"Bahram Gur in the Turquoise Palace on Wednesday", Folio 216 from a Khamsa (Quintet) of Nizami

Author: Nizami (Ilyas Abu Muhammad Nizam al-Din of Ganja) (probably 1141–1217)

Calligrapher: Sultan Muhammad Nur (ca. 1472–ca. 1536)

Calligrapher: Mahmud Muzahhib

Artist: Painting by Shaikh Zada

Object Name: Folio from an illustrated manuscript

Date: dated A.H. 931/A.D. 1524–25

Geography: Made in present-day Afghanistan, Herat

Medium: Ink, opaque watercolor, silver, and gold on paper

Dimensions: Painting: H. 7 7/8 in. (20 cm)
W.4 7/8 in. (12.4 cm)
Page: H. 12 11/16 in. (32.2 cm)
W. 8 3/4 in. (22.2 cm)
Mat: H. 19 1/4 in. (48.9 cm)
W. 14 1/4 in. (36.2 cm)

Classification: Codices

Credit Line: Gift of Alexander Smith Cochran, 1913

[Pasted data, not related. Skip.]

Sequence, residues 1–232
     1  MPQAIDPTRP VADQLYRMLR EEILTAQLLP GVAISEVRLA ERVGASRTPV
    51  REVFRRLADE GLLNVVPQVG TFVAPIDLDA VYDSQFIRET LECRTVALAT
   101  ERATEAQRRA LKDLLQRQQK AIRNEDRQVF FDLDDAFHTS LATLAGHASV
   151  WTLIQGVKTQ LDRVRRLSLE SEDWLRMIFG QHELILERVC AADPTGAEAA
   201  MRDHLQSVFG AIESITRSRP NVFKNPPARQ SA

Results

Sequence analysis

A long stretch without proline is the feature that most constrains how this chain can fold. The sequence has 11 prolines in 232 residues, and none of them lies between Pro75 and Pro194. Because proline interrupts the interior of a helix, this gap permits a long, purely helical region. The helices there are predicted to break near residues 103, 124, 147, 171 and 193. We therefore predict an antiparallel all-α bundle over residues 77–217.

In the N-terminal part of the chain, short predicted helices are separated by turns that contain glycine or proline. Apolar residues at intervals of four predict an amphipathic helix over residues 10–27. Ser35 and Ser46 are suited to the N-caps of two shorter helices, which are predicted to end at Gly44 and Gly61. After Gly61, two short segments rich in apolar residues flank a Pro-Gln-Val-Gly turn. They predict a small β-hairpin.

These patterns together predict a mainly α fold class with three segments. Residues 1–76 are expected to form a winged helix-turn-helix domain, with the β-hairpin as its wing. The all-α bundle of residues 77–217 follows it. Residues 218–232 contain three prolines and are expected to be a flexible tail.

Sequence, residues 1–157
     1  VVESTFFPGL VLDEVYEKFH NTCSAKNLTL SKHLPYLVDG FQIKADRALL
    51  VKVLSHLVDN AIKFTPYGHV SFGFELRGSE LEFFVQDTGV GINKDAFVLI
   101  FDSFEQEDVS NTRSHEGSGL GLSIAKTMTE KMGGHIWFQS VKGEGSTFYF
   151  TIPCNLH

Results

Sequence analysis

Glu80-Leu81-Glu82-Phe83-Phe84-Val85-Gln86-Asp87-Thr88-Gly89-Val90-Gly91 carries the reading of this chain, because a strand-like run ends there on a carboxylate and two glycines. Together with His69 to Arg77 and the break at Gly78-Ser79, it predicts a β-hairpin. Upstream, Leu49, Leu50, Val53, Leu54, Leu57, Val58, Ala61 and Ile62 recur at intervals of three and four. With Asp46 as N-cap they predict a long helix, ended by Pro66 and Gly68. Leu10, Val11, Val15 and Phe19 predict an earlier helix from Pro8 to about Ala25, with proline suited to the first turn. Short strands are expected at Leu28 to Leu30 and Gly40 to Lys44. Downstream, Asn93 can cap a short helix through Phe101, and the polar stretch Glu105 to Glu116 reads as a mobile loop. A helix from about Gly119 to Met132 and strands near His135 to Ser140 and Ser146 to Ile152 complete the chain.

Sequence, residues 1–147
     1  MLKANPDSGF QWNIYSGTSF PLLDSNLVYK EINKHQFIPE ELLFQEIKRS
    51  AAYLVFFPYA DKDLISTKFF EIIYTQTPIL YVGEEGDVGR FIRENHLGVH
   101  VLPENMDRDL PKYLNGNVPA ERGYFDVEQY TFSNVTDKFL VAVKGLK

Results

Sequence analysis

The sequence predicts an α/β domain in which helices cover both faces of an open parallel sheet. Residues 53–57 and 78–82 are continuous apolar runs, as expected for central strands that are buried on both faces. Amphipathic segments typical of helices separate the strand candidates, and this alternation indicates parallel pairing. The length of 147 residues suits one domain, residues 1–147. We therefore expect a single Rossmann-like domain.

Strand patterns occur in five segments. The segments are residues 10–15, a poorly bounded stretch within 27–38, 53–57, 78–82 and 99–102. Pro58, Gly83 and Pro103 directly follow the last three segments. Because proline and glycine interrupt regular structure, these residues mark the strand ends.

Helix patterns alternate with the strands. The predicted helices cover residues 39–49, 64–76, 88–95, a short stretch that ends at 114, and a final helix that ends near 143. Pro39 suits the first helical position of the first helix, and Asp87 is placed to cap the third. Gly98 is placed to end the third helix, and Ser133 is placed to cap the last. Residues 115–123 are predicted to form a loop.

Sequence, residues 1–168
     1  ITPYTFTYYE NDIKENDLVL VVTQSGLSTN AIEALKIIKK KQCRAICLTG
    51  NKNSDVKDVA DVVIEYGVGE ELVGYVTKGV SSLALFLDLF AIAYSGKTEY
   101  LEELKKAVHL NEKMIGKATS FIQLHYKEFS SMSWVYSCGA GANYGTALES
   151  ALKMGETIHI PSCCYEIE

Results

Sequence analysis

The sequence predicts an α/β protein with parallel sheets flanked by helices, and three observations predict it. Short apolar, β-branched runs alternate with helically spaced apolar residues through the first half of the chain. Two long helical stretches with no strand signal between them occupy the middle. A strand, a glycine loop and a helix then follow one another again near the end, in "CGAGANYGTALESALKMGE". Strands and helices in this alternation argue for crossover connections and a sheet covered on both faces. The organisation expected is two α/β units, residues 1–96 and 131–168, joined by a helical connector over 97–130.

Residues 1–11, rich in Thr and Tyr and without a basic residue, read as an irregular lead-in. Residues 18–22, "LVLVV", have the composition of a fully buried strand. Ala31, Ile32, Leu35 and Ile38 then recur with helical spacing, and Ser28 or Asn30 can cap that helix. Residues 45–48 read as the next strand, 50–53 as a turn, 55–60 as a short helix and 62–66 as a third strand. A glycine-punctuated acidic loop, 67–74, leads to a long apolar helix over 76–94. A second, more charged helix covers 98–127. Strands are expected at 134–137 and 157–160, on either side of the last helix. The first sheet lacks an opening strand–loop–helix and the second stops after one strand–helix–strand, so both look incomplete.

Accession Number:


The fourth of the late twelfth-century Persian poet Nizami's five epic poems, later combined to form the famous Khamsa (Quintet), was the Haft Paikar, or Seven Portraits, so named from one incident in the story. It recounts the legendary history of the Sasanian king Bahram Gur, who is idealized as a great lover and hunter. The story is known also as the Seven Princesses because Bahram Gur, so the story goes, married seven beautiful princesses from the seven regions of the world, and visited each in her own pavilion on successive nights of the week. In this highly sensual but moralistic work, each princess tells a story and there are additional stories within these.